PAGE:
nhaliday + simulation   53

Finders, keepers - Wikipedia
Finders, keepers is an English adage with the premise that when something is unowned or abandoned, whoever finds it first can claim it. This idiom relates to an ancient Roman law of similar meaning and has been expressed in various ways over the centuries.[1] Of particular difficulty is how best to define when exactly something is unowned or abandoned, which can lead to legal or ethical disputes.


In the field of social simulation, Rosaria Conte and Cristiano Castelfranchi have used "finders, keepers" as a case study for simulating the evolution of norms in simple societies.[2]
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april 2018 by nhaliday
My March 28 talk at MIT - Marginal REVOLUTION
What happens when a simulated system becomes more real than the system itself?  Will the internet become “more real” than the world of ideas it is mirroring? Do we academics live in a simulacra?  If the “alt right” exists mainly on the internet, does that make it more or less powerful?  Do all innovations improve system quality, and if so why is a lot of food worse than before and home design was better in 1910-1930?  How does the world of ideas fit into this picture?
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march 2018 by nhaliday
Existential Risks: Analyzing Human Extinction Scenarios
Would you endorse choosing policy to max the expected duration of civilization, at least as a good first approximation?
Can anyone suggest a different first approximation that would get more votes?

How useful would it be to agree on a relatively-simple first-approximation observable-after-the-fact metric for what we want from the future universe, such as total life years experienced, or civilization duration?

We're Underestimating the Risk of Human Extinction: https://www.theatlantic.com/technology/archive/2012/03/were-underestimating-the-risk-of-human-extinction/253821/
An Oxford philosopher argues that we are not adequately accounting for technology's risks—but his solution to the problem is not for Luddites.

Anderson: You have argued that we underrate existential risks because of a particular kind of bias called observation selection effect. Can you explain a bit more about that?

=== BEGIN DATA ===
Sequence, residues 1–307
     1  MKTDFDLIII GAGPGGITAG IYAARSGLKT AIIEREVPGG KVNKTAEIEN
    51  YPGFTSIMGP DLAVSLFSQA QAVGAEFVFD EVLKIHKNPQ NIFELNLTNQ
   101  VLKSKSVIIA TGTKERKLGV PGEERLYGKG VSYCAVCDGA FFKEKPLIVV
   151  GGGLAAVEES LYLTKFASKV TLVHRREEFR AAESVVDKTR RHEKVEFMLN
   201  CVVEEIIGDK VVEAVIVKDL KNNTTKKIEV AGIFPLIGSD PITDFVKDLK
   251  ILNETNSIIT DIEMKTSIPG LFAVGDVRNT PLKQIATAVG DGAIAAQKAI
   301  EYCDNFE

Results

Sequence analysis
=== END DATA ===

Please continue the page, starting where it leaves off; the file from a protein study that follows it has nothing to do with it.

Bostrom: The idea of an observation selection effect is maybe best explained by first considering the simpler concept of a selection effect. Let's say you're trying to estimate how large the largest fish in a given pond is, and you use a net to catch a hundred fish and the biggest fish you find is three inches long. You might be tempted to infer that the biggest fish in this pond is not much bigger than three inches, because you've caught a hundred of them and none of them are bigger than three inches. But if it turns out that your net could only catch fish up to a certain length, then the measuring instrument that you used would introduce a selection effect: it would only select from a subset of the domain you were trying to sample.

Now that's a kind of standard fact of statistics, and there are methods for trying to correct for it and you obviously have to take that into account when considering the fish distribution in your pond. An observation selection effect is a selection effect introduced not by limitations in our measurement instrument, but rather by the fact that all observations require the existence of an observer. This becomes important, for instance, in evolutionary biology. For instance, we know that intelligent life evolved on Earth. Naively, one might think that this piece of evidence suggests that life is likely to evolve on most Earth-like planets. But that would be to overlook an observation selection effect. For no matter how small the proportion of all Earth-like planets that evolve intelligent life, we will find ourselves on a planet that did. Our data point-that intelligent life arose on our planet-is predicted equally well by the hypothesis that intelligent life is very improbable even on Earth-like planets as by the hypothesis that intelligent life is highly probable on Earth-like planets. When it comes to human extinction and existential risk, there are certain controversial ways that observation selection effects might be relevant.